With her husband dead and the mother of her two children still sick, Svetlana Shcherbakov began working at the hospital.
She was a nurse, a technician, and then a pharmaceutically qualified pharmacologist, a job that she thought would provide her with a chance to pay off her debt to her father and his associates.
She decided to try it anyway.
Her daughter, Shona, was born two months before the start of the conflict, and the first time she saw her mother was at a hospital emergency room.
Shcherdakov had a hard time holding back tears as she described the day she learned that her mother, who had died in 2014, was still alive.
“I told her, I’m going to die, but you’re going to live on.
And I remember she started crying,” she recalled.
“And then I remember the hospital in the pictures, that was a big pain, the way they put the bodies in the coffins, it was so bad.”
The tragedy struck hard for Shcherbahakov, who was raised to be an optimist and believes that the best is yet to come.
The hospital, which she described as “the first thing that I was born into”, is one of the few in Ukraine that offers care to the elderly, children, and sick people.
“It’s not so much a hospital, but an institution,” she said.
“The patients here are people who are sick.
We help them.”
This is how Shcherbolova, now in her late 70s, describes the hospital, the kind of care that she received during the conflict and her days as a nurse.
It was one of many she saw during her time as a pharma technician.
During the war, her mother’s home was bombed and her father was killed.
The shelling made her family homeless.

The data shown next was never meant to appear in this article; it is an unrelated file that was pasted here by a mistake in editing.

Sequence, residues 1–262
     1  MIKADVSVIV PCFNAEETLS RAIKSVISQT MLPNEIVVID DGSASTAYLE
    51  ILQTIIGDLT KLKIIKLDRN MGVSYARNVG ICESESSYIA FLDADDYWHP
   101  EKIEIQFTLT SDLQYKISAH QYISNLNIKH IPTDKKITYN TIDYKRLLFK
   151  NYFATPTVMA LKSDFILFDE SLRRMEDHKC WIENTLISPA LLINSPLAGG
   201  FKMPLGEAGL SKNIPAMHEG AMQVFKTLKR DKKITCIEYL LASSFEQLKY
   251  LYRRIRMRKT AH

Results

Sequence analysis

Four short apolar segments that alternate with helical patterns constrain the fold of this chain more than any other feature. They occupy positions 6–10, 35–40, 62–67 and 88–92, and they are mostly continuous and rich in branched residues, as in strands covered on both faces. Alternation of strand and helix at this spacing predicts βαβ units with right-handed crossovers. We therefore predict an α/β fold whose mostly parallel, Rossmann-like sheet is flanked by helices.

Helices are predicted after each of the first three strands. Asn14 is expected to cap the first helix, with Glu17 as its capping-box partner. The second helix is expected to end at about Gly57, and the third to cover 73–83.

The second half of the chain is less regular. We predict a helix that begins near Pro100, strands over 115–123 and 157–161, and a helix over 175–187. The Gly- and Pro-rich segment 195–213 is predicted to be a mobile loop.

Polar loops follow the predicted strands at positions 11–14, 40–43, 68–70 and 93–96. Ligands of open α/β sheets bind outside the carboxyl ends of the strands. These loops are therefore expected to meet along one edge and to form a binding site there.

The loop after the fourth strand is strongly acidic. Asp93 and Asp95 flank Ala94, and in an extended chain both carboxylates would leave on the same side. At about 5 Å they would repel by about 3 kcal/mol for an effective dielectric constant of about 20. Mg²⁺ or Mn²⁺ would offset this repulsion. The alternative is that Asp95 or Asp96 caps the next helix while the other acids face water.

In December 1944, her father, a member of the Nazi party, was executed in Kiev.
She and her siblings and their mother moved to the city of Lviv, and Shcherbalov took her first job as a health worker there.
She spent most of her childhood in Lviv and the surrounding region.
She worked at the hospitals of Lvov, Kramatorsk, and Chernivtsi, but soon switched to the maternity hospital in Ivano-Frankivsk.
She had the chance to work in a new field, as the war ended.
Shcherskaya, who is from the city’s westernmost district, remembers that the war’s end was the biggest shock she had to deal with.
“My life changed completely,” she told Al Jazeera.
“From the first day of my job, I was thinking about the future.”
In April 1945, Shcherbulak was awarded a medal by the Ukrainian Red Cross for her efforts during the war.
In October 1946, the Ukrainian Government gave her a pension of 1,200 hryvnia ($11) a month.
Her pension came in addition to a pension that she earned while working at her father’s factory, where she worked from 10:00 am to 7:00 pm.
But when she came back to Ivano, the situation was very different.
“As soon as the people started to leave, I went to work for a nurse’s shop,” Shcherborbakov said.
Shchedr, a Ukrainian word meaning “mother”, has an important role in Ukrainian culture.
“When a mother goes to work, she’s a mother,” Shchedrin said.
In the late 1950s, Shchedri became a member, and later became the head of the Ukrainian National Union of Nurses.
She started to take care of the elderly and the sick.
“In my early 20s, I thought I was going to be a nurse,” Shchyrbakov told Al journa .
“But the only reason I had was my father’s name, and I didn’t know how to get a job.
I got a job at a food store and a couple of years later I started to look for a job.”
During the conflict Shchernakh was an active member of a group of elderly people in Ivania, and was a member at a time when people were still not ready for the changes that the end of the war brought.
The war brought about the deaths of thousands of Ukrainian soldiers and civilians, and many people who worked for hospitals were displaced.
The situation was so dire that many elderly people decided to leave Ivano to live in neighbouring villages, and others began to move to other parts of Ukraine.
“Some of them moved to Lviv,” Shchryrav said.
After a few years, she started working at a nursing home in the town of Goriivka.
“At that time I had three brothers, but now I have only two,” Sh Chervakh said.
Her family and many others were forced to leave the town when they were not able to pay their rent.